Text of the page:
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Br J Anaesth. 2017 Aug 1;119(2):258-266. doi: 10.1093/bja/aex185.

Use of failure-to-rescue to identify international variation in postoperative care in low-, middle- and high-income countries: a 7-day cohort study of elective surgery.

Author information

1
Queen Mary University of London, London EC1M 6BQ, UK.
2
Catharina Ziekenhuis, Eindhoven, The Netherlands.
3
Regional Institute of Oncology, 'Grigore T. Popa' University of Medicine and Pharmacy, Iasi, Romania.
4
Hospital Universitario Rio Hortega, Valladolid, Spain.
5
Triemli City Hospital, Zurich, Switzerland.
6
University Hospital of Bonn, 53105, Bonn, Germany.
7
St Georges University of London, London SW17 0RE, UK.
8
University of Pennsylvania, Philadelphia, PA, USA.
9
Maastricht University Medical Centre, Maastricht, The Netherlands.
10
Barts and the London School of Medicine and Dentistry, Queen Mary University of London, London EC1M 6BQ, UK.

Abstract

Background:

The incidence and impact of postoperative complications are poorly described. Failure-to-rescue, the rate of death following complications, is an important quality measure for perioperative care but has not been investigated across multiple health care systems.

Methods:

We analysed data collected during the International Surgical Outcomes Study, an international 7-day cohort study of adults undergoing elective inpatient surgery. Hospitals were ranked by quintiles according to surgical procedural volume (Q1 lowest to Q5 highest). For each quintile we assessed in-hospital complications rates, mortality, and failure-to-rescue. We repeated this analysis ranking hospitals by risk-adjusted complication rates (Q1 lowest to Q5 highest).

Results:

A total of 44 814 patients from 474 hospitals in 27 low-, middle-, and high-income countries were available for analysis. Of these, 7508 (17%) developed one or more postoperative complication, with 207 deaths in hospital (0.5%), giving an overall failure-to-rescue rate of 2.8%. When hospitals were ranked in quintiles by procedural volume, we identified a three-fold variation in mortality (Q1: 0.6% vs Q5: 0.2%) and a two-fold variation in failure-to-rescue (Q1: 3.6% vs Q5: 1.7%). Ranking hospitals in quintiles by risk-adjusted complication rate further confirmed the presence of important variations in failure-to-rescue, indicating differences between hospitals in the risk of death among patients after they develop complications.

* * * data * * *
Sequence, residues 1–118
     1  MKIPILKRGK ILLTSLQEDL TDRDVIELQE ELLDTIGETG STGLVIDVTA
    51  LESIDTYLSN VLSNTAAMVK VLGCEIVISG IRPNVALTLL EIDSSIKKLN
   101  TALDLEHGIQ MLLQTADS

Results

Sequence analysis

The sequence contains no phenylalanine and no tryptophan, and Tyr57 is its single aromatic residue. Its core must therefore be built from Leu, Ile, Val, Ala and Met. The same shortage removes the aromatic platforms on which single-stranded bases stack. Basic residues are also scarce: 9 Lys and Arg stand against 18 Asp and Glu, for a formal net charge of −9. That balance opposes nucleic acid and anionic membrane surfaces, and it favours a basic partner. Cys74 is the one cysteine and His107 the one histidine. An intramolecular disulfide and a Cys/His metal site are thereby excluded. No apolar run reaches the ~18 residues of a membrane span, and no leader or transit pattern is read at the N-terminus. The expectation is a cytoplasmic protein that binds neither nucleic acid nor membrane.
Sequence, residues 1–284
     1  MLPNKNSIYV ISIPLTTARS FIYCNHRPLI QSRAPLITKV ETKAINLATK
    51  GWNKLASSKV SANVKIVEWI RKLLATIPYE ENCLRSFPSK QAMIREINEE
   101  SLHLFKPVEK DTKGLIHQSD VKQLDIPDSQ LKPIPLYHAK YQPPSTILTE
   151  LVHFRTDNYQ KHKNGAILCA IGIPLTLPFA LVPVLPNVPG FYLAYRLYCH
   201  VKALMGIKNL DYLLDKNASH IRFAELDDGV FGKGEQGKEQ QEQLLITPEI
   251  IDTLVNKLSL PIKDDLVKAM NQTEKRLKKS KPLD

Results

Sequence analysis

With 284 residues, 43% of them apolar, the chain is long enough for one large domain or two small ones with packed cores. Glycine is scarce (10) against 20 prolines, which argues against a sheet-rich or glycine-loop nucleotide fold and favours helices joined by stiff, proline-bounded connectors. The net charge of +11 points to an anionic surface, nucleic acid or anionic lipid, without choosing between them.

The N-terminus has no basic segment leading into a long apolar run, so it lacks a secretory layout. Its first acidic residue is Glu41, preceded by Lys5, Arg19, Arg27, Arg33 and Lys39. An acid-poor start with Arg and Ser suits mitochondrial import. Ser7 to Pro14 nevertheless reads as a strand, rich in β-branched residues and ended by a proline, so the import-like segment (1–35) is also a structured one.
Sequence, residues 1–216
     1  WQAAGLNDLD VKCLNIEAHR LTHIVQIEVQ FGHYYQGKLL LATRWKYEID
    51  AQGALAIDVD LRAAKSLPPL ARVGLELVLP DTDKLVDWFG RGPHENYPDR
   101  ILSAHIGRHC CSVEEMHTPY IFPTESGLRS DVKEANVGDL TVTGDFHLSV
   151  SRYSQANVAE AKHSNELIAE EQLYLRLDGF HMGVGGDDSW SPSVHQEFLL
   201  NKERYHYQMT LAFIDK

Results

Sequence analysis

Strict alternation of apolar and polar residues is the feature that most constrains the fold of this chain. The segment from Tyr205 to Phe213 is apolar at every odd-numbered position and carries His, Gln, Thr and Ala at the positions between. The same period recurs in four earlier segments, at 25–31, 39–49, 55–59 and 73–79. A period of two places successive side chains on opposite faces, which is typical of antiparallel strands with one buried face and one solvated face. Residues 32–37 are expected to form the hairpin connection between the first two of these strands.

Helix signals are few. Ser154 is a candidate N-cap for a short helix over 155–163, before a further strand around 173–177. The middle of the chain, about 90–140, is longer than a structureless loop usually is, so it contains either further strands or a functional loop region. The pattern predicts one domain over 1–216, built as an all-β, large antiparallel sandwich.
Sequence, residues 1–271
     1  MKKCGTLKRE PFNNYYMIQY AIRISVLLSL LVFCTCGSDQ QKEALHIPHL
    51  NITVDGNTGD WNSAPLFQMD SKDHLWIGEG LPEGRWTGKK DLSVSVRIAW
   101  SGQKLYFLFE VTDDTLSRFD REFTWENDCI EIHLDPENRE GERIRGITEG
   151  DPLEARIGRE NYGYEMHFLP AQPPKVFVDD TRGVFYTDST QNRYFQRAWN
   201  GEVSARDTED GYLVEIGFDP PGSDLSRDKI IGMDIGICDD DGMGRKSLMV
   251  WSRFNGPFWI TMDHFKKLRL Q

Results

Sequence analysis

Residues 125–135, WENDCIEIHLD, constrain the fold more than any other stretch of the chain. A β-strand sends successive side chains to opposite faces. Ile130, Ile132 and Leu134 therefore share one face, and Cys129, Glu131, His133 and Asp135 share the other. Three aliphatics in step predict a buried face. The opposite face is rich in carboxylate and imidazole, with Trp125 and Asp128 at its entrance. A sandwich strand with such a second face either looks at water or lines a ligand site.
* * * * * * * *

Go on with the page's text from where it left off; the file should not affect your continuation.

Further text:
Conclusions:

Comparison of failure-to-rescue rates across health care systems suggests the presence of preventable postoperative deaths. Using such metrics, developing nations could benefit from a data-driven approach to quality improvement, which has proved effective in high-income countries.

KEYWORDS:

methods; mortality; operative; postoperative care; statistics and numerical data; surgical procedures

PMID:
28854536
DOI:
10.1093/bja/aex185
[Indexed for MEDLINE]
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